Unless it’s sometime between Nov-Feb when the weather is coldest, a light rain jacket should suffice to protect you from the wind and keep you dry when it rains.  A thick jacket will be too hot once you start to perspire.

6. Book a guide

Very important.  Even if it is the nth time to trek the path, one is still obliged to register at the Sagada Tourist Center near the town hall and book a guide for the group.  This is to make sure that everyone is accounted for after every activity.

7. Exhibit proper decorum

Talk to the village folks, don’t just snap away.  Give way to uphill trekkers and those carrying heavy stuff.  Also, don’t let the faster trekkers intimidate you, let them go first.

8. Take lots of photos

You’ll be walking along the terraces with the mountains on the background,  you’ll kick yourself for leaving that camera behind.  There are pretty sites after pretty sites so don’t forget the camera.

9. Bring snacks along

I prefer trail mixes to chips – they’re healthier.  I combine mixed nuts and dried fruits (I like raisins, cranberries and some dried mangoes cut into bite-sized pieces).   This will get you by until lunch.

10. Prep the body

Prior to the trek, walk more either around your neighborhood or on a treadmill.  This way, your body will not take too much of a beating after a wonderful adventure.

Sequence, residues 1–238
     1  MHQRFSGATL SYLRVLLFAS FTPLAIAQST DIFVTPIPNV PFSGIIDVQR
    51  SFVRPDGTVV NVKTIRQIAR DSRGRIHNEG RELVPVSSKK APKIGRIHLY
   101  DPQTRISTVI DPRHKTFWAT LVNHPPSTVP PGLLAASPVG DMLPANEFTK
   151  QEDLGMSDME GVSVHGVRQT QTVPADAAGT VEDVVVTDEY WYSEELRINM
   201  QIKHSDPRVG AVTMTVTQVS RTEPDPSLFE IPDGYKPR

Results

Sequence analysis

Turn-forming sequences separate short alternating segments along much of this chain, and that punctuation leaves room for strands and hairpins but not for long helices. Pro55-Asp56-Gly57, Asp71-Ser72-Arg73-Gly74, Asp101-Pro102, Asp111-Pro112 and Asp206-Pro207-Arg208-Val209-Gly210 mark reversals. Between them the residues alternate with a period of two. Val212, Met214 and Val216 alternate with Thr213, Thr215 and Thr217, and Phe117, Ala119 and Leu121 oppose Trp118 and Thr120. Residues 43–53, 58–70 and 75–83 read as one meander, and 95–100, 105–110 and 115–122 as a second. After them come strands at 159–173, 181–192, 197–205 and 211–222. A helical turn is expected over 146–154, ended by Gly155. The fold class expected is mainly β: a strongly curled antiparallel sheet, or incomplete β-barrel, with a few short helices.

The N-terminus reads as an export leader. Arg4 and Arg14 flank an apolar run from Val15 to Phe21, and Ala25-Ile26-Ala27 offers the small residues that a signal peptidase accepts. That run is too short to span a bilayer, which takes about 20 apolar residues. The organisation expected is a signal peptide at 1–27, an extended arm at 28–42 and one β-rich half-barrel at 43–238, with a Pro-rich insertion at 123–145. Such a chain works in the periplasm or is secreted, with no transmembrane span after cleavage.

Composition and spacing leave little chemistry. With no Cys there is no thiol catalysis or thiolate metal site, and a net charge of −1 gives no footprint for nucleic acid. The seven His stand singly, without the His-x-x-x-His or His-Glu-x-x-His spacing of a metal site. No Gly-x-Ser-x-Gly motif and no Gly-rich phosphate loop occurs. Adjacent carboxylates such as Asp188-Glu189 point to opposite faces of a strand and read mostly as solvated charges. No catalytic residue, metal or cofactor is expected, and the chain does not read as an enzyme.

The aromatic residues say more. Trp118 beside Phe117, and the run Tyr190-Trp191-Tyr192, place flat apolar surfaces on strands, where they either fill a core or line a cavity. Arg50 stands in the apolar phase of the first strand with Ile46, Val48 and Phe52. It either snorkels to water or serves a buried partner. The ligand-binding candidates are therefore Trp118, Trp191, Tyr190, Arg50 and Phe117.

The Way to Bomod-ok

This looks like an ordinary rice plantation, zoom out a bit and it’s no longer so ordinary.

Zoom out further and you will see why I love trekking to Bomod-ok falls, sometimes called the “big falls”.

The falls can be blah at times – I say this when it’s the dry season and it does not really live up to its name.  Yet, whatever greets you at the end is beside the point… it’s the journey that I enjoy so much.  It starts at the basketball court of Banga-an village passing through several other villages.

The last village, Fedelisan, is where you will have to register and pay a fee of Php 10 to pave and maintain the trail.

I like hanging out a bit at the village, the people are friendly and the kids adorable.

The different trails along the way.

Having walked this trail so many times, I was amazed at how easy it is to navigate through the rice paddies today.

Just another playground for the village kids — running around the “unpaved” path.

I remember having to balance myself as I make my way through the wet rocks that was once the trail.   So methinks Php10 is not asking for a lot with the obvious improvements.  But I digress…